§ Mr. A. J. BALFOUR
May I in the first place ask the Prime Minister if he can give us any view of the Government's intention with regard to business in the course of next week? I put the question to-day rather than on Thursday because it is very convenient, especially at this time, to have full notice as soon as possible of the way the Government intend to proceed. Then 1311 may I ask another question on a matter of great public importance. As he is aware, the Development Grant Bill has now gone to Grand Committee. I think at the time he was giving us the statement known as the "slaughter of the innocents" he implied if that Bill was controversial—I do not wish to impute any breach of faith, but he certainly used language which by ordinary Parliamentary methods of interpretation would be understood as indication that that was not a Bill that the Government intended to press if it excited much Debate. Whatever its second reading merits may be, I think the Government will admit it is a Bill that ought to be most carefully discussed in Grand Committee, and the appeal I wish to make to him is if he intends—really intends—to proceed with the Bill that he should so arrange the days on which the Grand Committee sit in relation to the days on which the Budget is taken, so as to make it possible for Members interested in both those important measures to take some part in them. I think he will feel that is not an unreasonable request to make at the present time. Those are the two points.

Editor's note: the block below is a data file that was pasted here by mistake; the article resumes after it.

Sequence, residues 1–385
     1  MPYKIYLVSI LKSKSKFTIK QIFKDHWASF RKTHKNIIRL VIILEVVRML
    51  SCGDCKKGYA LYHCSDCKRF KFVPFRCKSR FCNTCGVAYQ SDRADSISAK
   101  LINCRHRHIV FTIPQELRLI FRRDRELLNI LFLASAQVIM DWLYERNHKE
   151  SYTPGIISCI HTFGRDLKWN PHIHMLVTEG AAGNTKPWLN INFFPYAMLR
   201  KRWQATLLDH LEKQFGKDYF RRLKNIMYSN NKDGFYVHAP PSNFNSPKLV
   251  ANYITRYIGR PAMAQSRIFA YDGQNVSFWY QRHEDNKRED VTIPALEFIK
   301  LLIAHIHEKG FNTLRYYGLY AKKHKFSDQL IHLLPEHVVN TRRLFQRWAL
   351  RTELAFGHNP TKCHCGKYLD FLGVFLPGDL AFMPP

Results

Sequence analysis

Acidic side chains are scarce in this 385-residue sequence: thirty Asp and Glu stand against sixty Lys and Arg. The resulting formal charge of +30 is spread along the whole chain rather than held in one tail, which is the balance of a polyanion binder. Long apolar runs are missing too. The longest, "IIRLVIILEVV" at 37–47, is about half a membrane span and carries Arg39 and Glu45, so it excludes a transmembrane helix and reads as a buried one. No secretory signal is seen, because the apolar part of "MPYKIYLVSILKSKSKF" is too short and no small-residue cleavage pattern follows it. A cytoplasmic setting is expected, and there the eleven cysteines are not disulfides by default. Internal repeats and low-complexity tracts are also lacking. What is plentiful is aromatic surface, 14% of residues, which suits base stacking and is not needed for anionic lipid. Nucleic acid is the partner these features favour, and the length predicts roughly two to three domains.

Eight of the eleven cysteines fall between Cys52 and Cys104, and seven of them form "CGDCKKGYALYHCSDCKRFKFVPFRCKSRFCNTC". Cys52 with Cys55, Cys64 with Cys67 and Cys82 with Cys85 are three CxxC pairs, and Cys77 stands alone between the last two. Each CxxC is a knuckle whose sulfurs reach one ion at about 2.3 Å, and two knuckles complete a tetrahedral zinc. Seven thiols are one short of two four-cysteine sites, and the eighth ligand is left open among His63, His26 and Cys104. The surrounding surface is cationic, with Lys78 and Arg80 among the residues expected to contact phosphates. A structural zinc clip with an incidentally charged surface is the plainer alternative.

§ Mr. LAURENCE HARDY
Would the right hon. Gentleman say whether it is the intention of the Government to take at an early date the Resolutions in regard to Mineral Duties that appear every day on the Paper? It would be a great convenience to know if they are going to take them at an early date.
§ Friday, Irish Land Bill (Third Reading).
§ With regard to the Standing Committee on the Development Fund Bill, perhaps the right hon. Gentleman will repeat the question to-morrow. Upon the question of the hon. Member for Ashford (Mr. L. Hardy), I will consult with the Chancellor of the Exchequer.
§ Lord R. CECIL
In reference to the Bill of which notice appears on to-day's Paper (Places of Worship) (Enfranchisement), may I ask whether its appearance indicates any hope of its being passed? The right hon. Gentleman will recollect that 1312 the Enfranchisement of Places of Worship Bill and the Bishopric of Sheffield Bill were more or less dependent on one another.
§ The PRIME MINISTER
I am anxious that both Bills should go through. I am afraid their fortunes are somewhat intertwined, and there must be some arrangement between the promoters of both if either is to go forward.